Therefore, under the rule of tyranny, truth must when possible be snuffed out, otherwise it is contorted until it is no longer recognisable, it is broken into fragments of itself to create factions, schools of opposing thought that are meant to confuse and lead its followers further astray.
To deny purpose is thus the necessary condition to rule within a scientific dictatorship. Whether its controllers believe in purpose or not is irrelevant, since it is simply not admissible.
The question thus is, where does Huxley fit into all of this?
For starters let us take a look at Aldous Huxley’s family roots to see if indeed the apple did not fall too far from the tree…
Huxley’s family roots
Aldous’ grandfather T.H. Huxley (1825-1895) had made a name for himself by the age of twenty-five and was elected as a Fellow of the Royal Society in 1950. Within a span of just a few years, he would rise to become a leading member of Britain’s scientific establishment.
By the late 1700s, discoveries in geology began to contradict the accepted religious view of Creation. It was increasingly found that steady changes were the primary cause of most geological formations which developed over very long spans of time and that these changes had even led to the extinction of certain organisms/creatures. This was the first time that the biblical view of Creation was ever challenged as a mainstream argument within the sciences.
By the first part of the 1800s, the scientific community was primarily in agreement that living processes and their environments did indeed “evolve.”
In the 1820s Georges Cuvier (1769-1832) and Étienne Geoffroy Saint-Hilaire (1772-1844), once friends, had come into severe disagreement over the origins of anatomical forms which lead to a historic debate in 1830, raising issues that have yet to be resolved to this day.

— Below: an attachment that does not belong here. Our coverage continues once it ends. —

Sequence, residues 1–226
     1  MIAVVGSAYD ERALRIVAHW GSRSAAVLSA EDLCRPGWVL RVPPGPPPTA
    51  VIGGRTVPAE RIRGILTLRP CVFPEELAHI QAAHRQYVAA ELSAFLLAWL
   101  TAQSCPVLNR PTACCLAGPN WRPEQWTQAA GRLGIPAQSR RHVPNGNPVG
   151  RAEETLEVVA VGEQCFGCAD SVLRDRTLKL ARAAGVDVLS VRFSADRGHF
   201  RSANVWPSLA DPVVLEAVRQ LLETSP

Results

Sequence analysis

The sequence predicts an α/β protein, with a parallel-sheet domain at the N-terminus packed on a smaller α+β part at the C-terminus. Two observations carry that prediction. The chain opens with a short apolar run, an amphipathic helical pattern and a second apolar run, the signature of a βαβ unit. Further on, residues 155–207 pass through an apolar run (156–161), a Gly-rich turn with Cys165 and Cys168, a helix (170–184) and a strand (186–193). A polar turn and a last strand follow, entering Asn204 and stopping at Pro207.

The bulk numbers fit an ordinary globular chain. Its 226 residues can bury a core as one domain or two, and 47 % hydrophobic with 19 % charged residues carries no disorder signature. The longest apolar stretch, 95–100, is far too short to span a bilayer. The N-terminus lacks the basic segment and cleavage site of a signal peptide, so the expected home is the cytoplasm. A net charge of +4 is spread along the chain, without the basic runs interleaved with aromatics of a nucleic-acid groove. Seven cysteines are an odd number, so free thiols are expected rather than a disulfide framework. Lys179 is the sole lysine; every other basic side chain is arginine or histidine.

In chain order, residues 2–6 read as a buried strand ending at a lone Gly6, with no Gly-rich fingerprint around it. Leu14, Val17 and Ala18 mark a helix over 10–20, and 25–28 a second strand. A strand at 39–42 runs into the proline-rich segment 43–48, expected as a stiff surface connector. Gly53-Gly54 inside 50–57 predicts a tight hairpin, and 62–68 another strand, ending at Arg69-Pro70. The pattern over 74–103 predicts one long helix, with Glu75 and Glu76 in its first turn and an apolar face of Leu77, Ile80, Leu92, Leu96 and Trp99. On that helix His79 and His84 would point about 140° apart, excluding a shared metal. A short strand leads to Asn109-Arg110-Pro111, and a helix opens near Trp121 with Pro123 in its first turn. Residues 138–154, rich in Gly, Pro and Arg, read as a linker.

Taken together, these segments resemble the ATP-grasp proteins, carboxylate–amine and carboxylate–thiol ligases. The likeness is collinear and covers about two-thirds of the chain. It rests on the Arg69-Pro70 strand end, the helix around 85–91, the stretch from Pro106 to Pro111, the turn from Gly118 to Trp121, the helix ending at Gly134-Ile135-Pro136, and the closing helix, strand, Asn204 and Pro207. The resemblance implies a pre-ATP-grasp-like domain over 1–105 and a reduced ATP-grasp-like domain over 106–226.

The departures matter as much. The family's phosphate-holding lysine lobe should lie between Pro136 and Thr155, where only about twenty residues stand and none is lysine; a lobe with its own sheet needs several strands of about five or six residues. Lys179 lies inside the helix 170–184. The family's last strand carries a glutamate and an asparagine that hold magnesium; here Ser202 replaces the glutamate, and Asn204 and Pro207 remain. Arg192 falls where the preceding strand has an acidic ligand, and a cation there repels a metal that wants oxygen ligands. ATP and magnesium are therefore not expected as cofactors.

In 1838, upon reading Thomas Malthus’ ‘An Essay on the Principle of Population’ – who is known for calling for the courting of the plague to address the crisis of overpopulation – Darwin formulated his theory for “evolution” based on the “natural selection” of the fittest, he coined the term as an analogy of what he termed the “artificial selection” of selective breeding, with reference in particular to the practice of horse breeding. Darwin saw a similarity between farmers picking the best stock in selective breeding, and a Malthusian “Nature” selecting from chance variants.
That is, Darwin’s ideas of “natural selection” and “survival of the fittest” implied no directionality to evolution but rather was based upon Nature’s selection of random variants. But how does one part of an organism evolve without affecting the other parts of said organism?
According to Étienne Geoffroy Saint-Hilaire, there is an inherent “potential” in evolution; the potential for change is inherent within the organism, and the shaping of its many parts occurs in a harmonic, coherent way. That is, change moves in a purposeful manner, not a random manner.
The evolution of wings for flight, the eyes for sight, the nervous system for thought; Geoffroy was stating that these were not the result of countless minute mutations occurring and being selected upon separate from the other, but that the transformations were occurring with the very intention to create forms of flight, sight and thought.